Opponents of Death with Dignity are at it again. Like they did in Oregon in 1994 and 1997 and in Washington in 2008, they’re running an enormous smear campaign centered around lies and half-truths to scare people away from end-of-life care policy reform. Don’t be fooled. These laws have been in effect in two states—15 years in Oregon, no less—and there’s not been a single incident to back up any of their claims.
They rely on lies because we live in a country with separation of church and state, and they know they can’t convince people to go along with their true reason for being against these laws—their own religious beliefs. If there’s any doubt about the source of their objection, check out the largest backers of the opponents in Massachusetts. Two of them, the American Family Association and the American Principles Project, are fringe, anti-gay groups, and the bulk of the rest of the donations came from Catholic Dioceses throughout the US.
If you haven’t caught their misdirection attempts, here are some of the highlights from the recent efforts in Massachusetts:
- Fear tactic: Doctors can’t accurately predict when a patient will die.
Truth: The prognosis of six months or fewer isn’t only based on the word of one doctor, under the law the terminal diagnosis must be confirmed by a second doctor as well. It is true studies have found doctors are sometimes inaccurate in estimating how quickly an illness will kill someone, but the vast majority of the time doctors overestimate survival, not the other way around like our opponents are suggesting. They are intentionally distorting the outcome of these studies.
- Fear tactic: There isn’t a requirement for people to tell their families they’ve requested the medication.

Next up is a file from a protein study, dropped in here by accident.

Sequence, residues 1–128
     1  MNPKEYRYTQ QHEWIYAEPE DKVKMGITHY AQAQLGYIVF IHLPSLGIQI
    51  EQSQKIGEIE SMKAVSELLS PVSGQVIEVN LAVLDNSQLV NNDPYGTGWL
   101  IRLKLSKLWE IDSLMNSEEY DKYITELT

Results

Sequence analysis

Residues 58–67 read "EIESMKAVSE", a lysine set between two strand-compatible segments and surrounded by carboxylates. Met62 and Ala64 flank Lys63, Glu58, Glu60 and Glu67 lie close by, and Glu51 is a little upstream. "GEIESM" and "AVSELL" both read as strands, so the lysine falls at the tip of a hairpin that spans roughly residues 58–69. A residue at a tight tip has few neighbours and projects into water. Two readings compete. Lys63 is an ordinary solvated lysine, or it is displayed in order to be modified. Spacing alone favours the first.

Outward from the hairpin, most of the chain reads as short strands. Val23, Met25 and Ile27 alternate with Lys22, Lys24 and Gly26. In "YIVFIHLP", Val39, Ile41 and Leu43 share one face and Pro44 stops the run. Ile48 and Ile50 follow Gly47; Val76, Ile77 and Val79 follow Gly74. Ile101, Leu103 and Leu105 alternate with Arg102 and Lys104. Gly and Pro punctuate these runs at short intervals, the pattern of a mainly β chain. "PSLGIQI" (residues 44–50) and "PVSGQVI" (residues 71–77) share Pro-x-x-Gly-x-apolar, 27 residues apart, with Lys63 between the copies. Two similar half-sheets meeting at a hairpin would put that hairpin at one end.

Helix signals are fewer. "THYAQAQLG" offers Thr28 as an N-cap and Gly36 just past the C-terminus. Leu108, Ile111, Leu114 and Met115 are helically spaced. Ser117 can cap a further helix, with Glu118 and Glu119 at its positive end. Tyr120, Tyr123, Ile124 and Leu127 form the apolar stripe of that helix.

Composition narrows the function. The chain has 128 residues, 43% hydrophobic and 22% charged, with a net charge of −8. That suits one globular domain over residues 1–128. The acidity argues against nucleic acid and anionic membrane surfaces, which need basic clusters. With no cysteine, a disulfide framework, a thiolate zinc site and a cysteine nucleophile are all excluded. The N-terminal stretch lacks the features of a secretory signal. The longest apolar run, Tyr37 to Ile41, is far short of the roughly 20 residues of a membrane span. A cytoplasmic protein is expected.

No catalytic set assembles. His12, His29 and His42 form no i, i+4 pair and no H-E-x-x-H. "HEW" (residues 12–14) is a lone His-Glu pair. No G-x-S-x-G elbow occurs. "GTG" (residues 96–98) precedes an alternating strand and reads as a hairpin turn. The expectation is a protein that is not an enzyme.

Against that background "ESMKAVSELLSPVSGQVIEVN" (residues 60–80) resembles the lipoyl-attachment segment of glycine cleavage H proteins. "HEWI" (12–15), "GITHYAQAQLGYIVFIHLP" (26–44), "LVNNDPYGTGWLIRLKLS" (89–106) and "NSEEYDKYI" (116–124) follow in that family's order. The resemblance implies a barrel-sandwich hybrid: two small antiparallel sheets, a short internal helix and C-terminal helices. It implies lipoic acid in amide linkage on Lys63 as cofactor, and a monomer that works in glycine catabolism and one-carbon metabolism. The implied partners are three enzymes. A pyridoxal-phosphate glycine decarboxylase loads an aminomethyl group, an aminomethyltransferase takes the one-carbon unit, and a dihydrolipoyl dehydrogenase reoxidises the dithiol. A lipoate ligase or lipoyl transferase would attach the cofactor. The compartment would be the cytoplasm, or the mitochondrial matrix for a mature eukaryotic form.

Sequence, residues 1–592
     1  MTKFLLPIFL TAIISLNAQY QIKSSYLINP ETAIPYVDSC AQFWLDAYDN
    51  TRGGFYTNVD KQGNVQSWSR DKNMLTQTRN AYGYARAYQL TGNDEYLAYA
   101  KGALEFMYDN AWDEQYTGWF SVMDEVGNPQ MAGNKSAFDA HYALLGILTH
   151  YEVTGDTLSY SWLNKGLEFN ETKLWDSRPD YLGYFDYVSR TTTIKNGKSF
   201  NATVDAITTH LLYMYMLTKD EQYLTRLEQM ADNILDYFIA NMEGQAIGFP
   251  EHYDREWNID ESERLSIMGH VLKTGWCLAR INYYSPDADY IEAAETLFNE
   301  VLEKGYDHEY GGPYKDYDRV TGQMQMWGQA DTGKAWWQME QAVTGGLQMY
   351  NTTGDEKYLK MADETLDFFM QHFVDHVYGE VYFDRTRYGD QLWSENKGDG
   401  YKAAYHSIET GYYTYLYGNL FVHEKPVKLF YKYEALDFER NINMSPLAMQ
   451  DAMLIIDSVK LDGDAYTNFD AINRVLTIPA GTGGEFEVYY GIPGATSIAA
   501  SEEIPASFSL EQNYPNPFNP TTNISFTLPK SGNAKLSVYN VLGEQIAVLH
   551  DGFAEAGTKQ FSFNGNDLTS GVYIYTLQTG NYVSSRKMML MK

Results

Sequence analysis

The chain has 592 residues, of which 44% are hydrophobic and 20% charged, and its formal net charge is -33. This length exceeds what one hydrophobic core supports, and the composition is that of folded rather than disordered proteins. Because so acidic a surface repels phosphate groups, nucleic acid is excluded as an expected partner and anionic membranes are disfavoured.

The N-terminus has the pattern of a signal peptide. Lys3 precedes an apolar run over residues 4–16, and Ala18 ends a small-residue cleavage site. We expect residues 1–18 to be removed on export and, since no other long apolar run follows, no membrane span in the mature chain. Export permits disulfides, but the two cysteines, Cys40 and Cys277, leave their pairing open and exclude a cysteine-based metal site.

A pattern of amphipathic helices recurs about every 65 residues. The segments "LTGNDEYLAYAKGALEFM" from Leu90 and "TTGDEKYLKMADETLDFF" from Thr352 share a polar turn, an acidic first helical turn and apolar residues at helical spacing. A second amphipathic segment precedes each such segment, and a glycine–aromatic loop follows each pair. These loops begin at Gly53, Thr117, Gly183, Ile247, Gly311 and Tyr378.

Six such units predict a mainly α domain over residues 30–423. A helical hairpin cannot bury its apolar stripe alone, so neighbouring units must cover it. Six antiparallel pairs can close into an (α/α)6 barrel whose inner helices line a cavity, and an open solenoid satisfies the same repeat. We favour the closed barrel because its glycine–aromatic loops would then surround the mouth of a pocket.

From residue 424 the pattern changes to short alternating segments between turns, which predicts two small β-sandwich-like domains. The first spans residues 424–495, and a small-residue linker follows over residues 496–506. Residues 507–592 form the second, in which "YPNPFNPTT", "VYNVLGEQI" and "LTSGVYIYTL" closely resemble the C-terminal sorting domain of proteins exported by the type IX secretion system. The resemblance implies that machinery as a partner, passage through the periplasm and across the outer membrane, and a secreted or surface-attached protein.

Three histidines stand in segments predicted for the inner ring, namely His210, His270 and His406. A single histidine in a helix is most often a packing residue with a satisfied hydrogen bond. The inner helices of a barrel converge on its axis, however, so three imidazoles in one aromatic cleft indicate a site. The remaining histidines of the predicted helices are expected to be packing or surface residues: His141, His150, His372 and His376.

Truth: According to Death with Dignity laws, the attending physician is required to “recommend that the patient notify next of kin.” We’ve moved away from a society where the government defines family for us. This law recognizes individuals have many definitions of family.
- Fear tactic: There’s no required psychological evaluation.
Truth: It’s completely inaccurate to suggest there are no psychological evaluations. Both the attending and consulting physicians must attest there is no indication of depression or mental illness impairing decision-making. If there are any symptoms, the patient must be referred for a psychological evaluation. This fear tactic assumes all people who’ve been given a terminal diagnosis also suffer from mental illness.
- Fear tactic: Patients who request the medication might not talk to hospice and palliative care professionals.
Truth: This is a whopper! All patients who request the medication must be informed about hospice and palliative care. And, the vast majority of people who’ve requested the medication allowed under the Death with Dignity Acts in Oregon and Washington are enrolled in hospice (97% in Oregon and 83% in Washington) when they take the medication. This is much higher than the general population’s use of hospice care. The exact language from the law is: the attending physician must discuss all “feasible alternatives including, but not limited to, comfort care, hospice care, and pain control” to ensure the patient is making an informed decision.
In a telling moment in a recent televised debate, the debate moderator asked Rosanne Meade, the chairperson of a group working against the Massachusetts Death with Dignity initiative, if all the additional safeguards they’re asking for were included in the law, “would you philosophically still be opposed to this?” Meade refused to answer the question. Why? Like others in Meade’s camp, she wouldn’t support this law no matter how many restrictions the opponents might add. She wants voters to agree with her personal religious views, and in our country, no one’s personal beliefs should dictate laws.
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